Not long afterward, a different translation appeared on the horizon. This was the Schottenstein Talmud: an enterprise of the ultra-Orthodox publishing house ArtScroll, whose highly popular editions of traditional prayer books and other works featured smooth English translations, sophisticated production values, and a reactionary ideological edge that has been the bane of non-Haredi religious intellectuals. But the Schottenstein Talmud (named for the benefactor supporting it) was another matter. As volume followed volume into print, the translation remained almost uniformly lucid, moving with the flow of the text and helpfully anticipating the questions that close readers would ask; the notes conveyed with remarkable economy not only a fuller understanding but even the flavor of classic talmudic interpretation; and underneath it all one could sense the basic humility before the text that is a sign of true scholarship.
And now the latest development is that the Steinsaltz Talmud, too, is experiencing a second coming into English. Translated and edited afresh, it is being brought out this time around not by a major trade publisher but by the Koren Press of Jerusalem, well known for its meticulously produced, finely presented editions of classic texts. The first volume, Tractate Berakhot, has just appeared, and the publisher promises to bring the entire project to conclusion in the coming few years.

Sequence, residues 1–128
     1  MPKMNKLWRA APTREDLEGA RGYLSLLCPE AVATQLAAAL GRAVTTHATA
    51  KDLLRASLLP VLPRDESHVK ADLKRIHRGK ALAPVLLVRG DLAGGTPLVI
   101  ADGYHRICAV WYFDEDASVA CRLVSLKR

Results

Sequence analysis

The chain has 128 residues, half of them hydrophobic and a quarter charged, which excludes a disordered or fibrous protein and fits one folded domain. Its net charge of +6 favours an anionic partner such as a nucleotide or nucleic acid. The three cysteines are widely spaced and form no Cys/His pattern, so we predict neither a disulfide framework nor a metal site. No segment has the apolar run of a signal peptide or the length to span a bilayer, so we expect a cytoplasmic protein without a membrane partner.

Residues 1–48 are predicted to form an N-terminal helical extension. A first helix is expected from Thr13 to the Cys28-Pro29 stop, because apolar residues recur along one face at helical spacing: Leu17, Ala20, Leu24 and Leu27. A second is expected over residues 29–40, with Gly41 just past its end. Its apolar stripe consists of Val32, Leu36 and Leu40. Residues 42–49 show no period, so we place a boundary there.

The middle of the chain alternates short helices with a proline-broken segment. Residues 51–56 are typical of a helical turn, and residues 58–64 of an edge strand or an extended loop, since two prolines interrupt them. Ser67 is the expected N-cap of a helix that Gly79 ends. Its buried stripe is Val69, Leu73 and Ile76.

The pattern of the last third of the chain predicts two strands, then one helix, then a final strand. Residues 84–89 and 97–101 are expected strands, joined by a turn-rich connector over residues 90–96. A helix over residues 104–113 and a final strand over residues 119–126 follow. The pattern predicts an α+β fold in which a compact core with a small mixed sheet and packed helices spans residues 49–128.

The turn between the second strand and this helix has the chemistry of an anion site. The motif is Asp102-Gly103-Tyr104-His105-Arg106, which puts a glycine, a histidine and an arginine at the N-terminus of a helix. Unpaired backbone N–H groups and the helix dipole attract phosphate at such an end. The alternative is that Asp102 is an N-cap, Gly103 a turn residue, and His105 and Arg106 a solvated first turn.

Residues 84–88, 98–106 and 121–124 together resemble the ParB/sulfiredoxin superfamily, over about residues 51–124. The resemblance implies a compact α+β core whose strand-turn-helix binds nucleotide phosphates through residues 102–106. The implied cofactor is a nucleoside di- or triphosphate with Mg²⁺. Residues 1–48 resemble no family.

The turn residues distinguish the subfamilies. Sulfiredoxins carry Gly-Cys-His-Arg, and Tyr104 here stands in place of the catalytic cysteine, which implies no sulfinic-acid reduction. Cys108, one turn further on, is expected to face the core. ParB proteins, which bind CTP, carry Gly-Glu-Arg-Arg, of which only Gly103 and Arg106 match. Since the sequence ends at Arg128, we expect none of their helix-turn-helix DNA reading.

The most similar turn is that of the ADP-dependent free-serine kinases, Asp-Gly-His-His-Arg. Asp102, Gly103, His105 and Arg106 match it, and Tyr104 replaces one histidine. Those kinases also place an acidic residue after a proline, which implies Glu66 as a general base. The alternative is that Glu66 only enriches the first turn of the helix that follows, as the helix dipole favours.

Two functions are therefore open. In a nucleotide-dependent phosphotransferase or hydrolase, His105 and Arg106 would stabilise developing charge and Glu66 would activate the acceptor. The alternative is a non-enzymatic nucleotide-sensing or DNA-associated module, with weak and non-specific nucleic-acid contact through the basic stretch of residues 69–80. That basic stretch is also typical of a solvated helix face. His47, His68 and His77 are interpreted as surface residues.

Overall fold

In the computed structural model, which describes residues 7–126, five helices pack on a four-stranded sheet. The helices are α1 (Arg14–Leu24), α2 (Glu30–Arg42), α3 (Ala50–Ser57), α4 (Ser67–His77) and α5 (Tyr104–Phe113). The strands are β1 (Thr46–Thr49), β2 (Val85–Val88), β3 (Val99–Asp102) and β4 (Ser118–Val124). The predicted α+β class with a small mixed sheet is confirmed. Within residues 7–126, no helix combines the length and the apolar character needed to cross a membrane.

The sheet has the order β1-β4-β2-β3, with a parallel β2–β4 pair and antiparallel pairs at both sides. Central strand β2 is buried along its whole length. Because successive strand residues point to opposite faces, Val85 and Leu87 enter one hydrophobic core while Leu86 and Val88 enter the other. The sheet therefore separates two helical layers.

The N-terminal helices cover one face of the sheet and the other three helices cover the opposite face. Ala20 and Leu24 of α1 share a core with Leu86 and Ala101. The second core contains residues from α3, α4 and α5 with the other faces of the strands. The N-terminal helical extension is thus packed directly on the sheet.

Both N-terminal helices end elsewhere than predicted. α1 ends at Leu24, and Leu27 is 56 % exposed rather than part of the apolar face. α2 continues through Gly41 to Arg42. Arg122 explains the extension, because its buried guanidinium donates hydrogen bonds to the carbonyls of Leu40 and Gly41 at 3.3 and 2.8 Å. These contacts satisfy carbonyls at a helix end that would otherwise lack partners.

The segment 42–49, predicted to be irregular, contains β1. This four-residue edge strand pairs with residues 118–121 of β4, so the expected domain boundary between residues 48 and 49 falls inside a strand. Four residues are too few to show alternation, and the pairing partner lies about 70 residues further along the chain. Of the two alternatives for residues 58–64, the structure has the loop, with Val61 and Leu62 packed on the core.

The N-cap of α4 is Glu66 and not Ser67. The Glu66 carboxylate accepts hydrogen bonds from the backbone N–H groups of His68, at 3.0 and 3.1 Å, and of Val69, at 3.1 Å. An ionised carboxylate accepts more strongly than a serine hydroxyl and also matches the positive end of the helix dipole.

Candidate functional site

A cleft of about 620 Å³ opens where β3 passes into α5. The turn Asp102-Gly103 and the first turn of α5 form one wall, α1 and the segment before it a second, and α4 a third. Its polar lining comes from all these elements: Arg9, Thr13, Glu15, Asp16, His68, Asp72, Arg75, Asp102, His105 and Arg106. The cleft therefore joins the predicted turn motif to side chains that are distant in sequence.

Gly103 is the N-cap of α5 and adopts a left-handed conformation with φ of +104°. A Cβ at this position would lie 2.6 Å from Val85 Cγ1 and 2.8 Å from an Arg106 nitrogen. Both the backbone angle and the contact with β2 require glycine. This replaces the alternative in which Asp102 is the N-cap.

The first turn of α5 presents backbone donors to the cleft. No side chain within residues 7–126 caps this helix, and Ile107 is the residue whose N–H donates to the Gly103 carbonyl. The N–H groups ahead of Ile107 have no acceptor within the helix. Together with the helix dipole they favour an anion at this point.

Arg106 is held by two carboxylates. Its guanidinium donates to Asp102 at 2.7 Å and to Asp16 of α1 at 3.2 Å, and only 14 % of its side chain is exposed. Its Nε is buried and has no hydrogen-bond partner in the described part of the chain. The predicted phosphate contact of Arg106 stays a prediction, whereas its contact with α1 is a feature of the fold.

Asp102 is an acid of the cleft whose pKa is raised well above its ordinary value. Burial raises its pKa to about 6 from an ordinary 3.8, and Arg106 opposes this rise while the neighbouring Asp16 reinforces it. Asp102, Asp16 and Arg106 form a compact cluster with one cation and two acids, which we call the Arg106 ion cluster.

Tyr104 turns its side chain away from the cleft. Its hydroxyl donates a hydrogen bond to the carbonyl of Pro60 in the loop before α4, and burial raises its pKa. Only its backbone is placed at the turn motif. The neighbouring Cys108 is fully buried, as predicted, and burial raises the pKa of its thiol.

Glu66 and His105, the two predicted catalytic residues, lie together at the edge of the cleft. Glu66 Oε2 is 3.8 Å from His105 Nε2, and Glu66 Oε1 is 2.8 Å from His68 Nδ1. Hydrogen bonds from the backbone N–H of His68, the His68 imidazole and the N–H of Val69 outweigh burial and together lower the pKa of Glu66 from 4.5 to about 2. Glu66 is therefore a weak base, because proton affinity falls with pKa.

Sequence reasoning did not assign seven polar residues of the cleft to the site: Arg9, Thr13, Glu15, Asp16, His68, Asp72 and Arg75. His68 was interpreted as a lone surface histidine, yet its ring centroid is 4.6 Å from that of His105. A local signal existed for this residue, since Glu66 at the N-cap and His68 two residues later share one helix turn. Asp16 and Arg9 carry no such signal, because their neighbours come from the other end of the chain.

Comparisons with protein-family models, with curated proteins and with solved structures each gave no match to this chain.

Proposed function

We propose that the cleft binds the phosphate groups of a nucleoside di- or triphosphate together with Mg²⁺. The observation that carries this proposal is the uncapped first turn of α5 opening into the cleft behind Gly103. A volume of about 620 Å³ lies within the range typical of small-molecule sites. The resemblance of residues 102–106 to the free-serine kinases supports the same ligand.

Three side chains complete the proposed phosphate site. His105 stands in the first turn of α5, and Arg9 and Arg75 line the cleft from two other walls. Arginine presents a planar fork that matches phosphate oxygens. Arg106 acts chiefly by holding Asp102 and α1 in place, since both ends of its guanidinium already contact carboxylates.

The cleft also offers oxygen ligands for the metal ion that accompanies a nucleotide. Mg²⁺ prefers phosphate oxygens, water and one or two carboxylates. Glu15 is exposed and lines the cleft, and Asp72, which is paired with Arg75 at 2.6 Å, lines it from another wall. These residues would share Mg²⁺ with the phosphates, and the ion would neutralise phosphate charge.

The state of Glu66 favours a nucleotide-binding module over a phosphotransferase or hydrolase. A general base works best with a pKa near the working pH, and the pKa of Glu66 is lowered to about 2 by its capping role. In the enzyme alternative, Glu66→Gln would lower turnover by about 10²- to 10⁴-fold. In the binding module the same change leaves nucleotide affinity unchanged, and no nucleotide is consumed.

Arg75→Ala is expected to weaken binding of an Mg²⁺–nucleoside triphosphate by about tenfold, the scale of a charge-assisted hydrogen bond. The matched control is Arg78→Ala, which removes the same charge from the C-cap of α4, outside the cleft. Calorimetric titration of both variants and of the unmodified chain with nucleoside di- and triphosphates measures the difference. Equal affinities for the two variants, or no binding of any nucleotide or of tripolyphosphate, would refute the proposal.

How do the Schottenstein and Steinsaltz editions stack up against each other?
To begin at the beginning, Schottenstein offers a more literal and minimalist translation; Steinsaltz is fuller and more elegant. Schottenstein has more extensive discussion of later rabbinic literature; in Steinsaltz, the surrounding materials focus on the plain sense of the text and the decisive halakhic applications derived therefrom by Maimonides and the authoritative 16th-century code, Shulhan Arukh, compiled by Joseph Karo.
In Schottenstein, the brunt of rabbinic explication is carried by the footnotes, which typically proceed through an impressive array of commentators down through the centuries. By contrast, Steinsaltz often adduces, within the running commentary, a single source that concisely answers a question raised by the plain sense of the text. Other explanatory materials in Steinsaltz also stay close to the plain sense, explaining technical terms and difficult passages, offering brief biographies of sages, illustrating realia in full color, and showing a subtle but unmistakable debt to academic Talmud scholarship (whose very existence goes unacknowledged by ArtScroll).